Kramer says the rise in infrastructure stock prices is a sign of the newfound strength of retail investors.
CNBC’s Jim Kramer said the rise in infrastructure-related stock prices on Monday demonstrates the growing influence of retail investors on Wall Street.
The Mad Money presenter expressed surprise that companies like steel company Nucor and building materials supplier Martin Marietta rose during Monday’s session, which was the first since the House of Representatives passed an infrastructure bill worth more than 1 trillion dollars at the end of Friday.
“Historically, you had to buy before something good happened and then sell on the news. Smart money has always increased and decreased rates when news breaks out, often resulting in large losses for everyone who bought the news, ”Kramer said. “But not in this market. The new model is crazy if you have experience, but it is profitable for beginners. “
Kramer pointed to Nucor, in particular, to state his position. While he said he remained optimistic about Nucor, he said there were other people on Wall Street who felt that his stock had fully accounted for much of the potential benefit from the infrastructure deal.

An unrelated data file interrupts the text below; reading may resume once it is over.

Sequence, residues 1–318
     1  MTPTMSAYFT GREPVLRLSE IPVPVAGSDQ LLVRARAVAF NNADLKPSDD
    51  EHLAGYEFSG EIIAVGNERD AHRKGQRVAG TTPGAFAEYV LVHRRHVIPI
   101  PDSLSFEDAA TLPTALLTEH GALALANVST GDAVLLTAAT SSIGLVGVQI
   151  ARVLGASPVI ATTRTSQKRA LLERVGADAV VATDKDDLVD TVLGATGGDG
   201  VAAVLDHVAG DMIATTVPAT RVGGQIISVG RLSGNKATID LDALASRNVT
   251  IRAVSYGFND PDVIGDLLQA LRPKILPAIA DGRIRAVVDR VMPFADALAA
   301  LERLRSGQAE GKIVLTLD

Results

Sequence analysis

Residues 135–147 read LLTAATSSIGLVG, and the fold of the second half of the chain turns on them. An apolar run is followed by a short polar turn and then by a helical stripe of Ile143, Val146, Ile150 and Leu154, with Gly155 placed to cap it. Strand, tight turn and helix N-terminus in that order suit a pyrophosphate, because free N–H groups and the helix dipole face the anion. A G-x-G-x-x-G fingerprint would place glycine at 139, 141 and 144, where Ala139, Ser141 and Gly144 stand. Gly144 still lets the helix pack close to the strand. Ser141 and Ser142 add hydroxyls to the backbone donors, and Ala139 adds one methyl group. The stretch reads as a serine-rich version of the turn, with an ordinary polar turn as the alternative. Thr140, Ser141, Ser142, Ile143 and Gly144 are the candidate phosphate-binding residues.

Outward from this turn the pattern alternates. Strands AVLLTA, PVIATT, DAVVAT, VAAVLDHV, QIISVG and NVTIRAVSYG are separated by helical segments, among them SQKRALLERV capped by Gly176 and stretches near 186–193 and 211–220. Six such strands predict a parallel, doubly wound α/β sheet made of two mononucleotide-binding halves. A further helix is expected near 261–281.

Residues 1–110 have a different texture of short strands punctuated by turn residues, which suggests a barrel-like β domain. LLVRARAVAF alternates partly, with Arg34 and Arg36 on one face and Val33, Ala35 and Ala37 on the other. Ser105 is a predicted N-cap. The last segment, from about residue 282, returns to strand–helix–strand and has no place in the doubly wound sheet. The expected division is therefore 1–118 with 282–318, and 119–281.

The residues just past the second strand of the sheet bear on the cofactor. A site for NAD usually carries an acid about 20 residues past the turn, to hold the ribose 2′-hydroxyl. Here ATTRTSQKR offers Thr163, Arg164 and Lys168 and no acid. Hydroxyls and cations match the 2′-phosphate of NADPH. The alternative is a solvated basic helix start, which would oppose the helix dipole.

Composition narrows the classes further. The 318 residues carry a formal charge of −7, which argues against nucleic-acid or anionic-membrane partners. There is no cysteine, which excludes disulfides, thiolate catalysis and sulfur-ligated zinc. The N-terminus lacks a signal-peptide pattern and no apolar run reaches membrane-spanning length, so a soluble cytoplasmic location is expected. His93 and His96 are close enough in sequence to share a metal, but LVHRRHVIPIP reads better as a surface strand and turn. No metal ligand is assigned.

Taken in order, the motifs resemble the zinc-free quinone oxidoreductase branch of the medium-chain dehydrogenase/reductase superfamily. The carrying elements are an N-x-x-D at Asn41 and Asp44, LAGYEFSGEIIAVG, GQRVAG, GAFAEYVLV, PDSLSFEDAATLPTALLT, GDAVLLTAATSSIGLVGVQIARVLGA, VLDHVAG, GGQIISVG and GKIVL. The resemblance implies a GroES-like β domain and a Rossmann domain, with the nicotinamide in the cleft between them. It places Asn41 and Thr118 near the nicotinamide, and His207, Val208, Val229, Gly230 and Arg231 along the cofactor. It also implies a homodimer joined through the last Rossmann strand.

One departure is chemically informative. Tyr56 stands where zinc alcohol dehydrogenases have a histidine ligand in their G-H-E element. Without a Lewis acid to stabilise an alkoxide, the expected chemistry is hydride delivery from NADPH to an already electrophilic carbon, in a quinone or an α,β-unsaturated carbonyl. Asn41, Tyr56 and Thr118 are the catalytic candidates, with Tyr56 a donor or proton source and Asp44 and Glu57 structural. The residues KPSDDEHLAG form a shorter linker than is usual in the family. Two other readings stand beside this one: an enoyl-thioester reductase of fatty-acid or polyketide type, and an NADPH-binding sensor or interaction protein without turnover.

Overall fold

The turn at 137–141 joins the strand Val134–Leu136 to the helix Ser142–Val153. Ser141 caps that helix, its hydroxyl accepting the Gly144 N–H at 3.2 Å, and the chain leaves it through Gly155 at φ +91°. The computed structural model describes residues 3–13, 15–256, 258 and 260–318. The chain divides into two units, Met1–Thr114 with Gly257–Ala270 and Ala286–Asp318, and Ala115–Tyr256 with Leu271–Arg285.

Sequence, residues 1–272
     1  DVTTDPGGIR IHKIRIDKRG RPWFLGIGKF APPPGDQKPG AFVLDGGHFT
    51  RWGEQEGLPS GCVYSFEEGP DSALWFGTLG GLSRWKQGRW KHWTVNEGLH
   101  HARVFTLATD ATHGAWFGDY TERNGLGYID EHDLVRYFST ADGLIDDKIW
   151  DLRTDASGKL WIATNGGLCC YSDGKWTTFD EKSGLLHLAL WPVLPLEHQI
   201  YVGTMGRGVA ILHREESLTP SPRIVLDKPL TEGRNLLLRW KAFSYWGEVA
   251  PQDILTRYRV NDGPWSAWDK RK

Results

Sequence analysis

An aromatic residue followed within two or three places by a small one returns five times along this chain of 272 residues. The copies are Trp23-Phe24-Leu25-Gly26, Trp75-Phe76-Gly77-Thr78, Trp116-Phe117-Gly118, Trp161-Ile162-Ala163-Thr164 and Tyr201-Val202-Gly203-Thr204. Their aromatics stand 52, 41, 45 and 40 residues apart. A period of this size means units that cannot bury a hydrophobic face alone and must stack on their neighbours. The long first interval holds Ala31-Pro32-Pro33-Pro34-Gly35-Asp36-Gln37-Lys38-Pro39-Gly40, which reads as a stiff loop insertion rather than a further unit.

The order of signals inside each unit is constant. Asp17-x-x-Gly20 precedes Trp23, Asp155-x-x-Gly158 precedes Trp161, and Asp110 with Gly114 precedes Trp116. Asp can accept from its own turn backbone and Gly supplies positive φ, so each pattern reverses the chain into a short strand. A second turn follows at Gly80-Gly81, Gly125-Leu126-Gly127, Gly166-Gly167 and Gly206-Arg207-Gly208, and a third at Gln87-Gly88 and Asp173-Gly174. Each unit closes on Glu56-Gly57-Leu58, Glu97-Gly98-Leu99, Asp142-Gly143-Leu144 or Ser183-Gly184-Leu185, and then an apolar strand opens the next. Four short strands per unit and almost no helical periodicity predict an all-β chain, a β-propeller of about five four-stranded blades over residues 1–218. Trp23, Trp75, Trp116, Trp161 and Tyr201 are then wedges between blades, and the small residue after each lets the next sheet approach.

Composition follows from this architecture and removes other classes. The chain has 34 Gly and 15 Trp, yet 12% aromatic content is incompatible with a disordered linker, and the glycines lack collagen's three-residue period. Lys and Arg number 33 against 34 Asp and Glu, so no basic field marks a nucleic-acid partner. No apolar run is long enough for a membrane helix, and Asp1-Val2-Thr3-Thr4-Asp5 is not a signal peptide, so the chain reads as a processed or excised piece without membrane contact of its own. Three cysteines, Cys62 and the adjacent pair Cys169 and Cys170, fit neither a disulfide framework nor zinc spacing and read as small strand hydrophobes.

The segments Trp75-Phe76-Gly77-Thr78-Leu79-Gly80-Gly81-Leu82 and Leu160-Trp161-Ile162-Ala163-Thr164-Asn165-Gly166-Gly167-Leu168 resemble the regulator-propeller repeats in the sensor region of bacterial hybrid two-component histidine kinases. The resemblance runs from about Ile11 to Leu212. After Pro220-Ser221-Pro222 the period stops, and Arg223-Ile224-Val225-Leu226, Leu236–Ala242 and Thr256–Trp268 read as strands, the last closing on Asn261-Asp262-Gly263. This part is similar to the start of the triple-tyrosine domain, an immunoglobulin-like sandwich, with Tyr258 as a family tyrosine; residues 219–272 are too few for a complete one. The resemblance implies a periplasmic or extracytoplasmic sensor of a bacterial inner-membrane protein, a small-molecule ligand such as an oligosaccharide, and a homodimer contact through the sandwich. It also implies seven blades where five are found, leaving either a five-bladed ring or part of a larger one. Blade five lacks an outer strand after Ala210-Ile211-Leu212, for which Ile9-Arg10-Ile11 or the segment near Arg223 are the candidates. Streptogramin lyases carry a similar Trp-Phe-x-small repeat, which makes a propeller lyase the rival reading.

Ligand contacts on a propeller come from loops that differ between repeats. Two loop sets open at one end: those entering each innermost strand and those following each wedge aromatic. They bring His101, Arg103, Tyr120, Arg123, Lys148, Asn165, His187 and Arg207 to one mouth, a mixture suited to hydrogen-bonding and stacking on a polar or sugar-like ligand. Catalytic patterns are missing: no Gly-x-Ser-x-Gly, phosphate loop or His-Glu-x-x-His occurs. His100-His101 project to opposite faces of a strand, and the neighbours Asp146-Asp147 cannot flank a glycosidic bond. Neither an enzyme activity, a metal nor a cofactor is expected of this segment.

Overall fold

“Earlier, when we learned that Congress had finally passed the Infrastructure Act, you might have seen Nucor open a couple of pips before impatient sellers came in and sparked buyers for wild profits. After all, they could have dumped this thing back to where it traded a week ago, ”Kramer said.
However, Kramer said the current market is no longer dominated by large institutional wealth managers.
“Individual investors have a lot of power,” Kramer said, noting that Nucor shares were up 3.6% on Monday. The shares are up 18.65% in the past month.
“You see, Nucor was too obvious to the pros. But ordinary individual investors no doubt wanted to be sure the law was passed before they pulled the trigger. “Kramer said.
“Professionals keep making mistakes because these new buyers are not used to Wall Street’s cynical trading methods,” he added. “They hear good news; they buy good news. This is a new world, simpler, less pessimistic, and you ignore this optimism at your own risk. “
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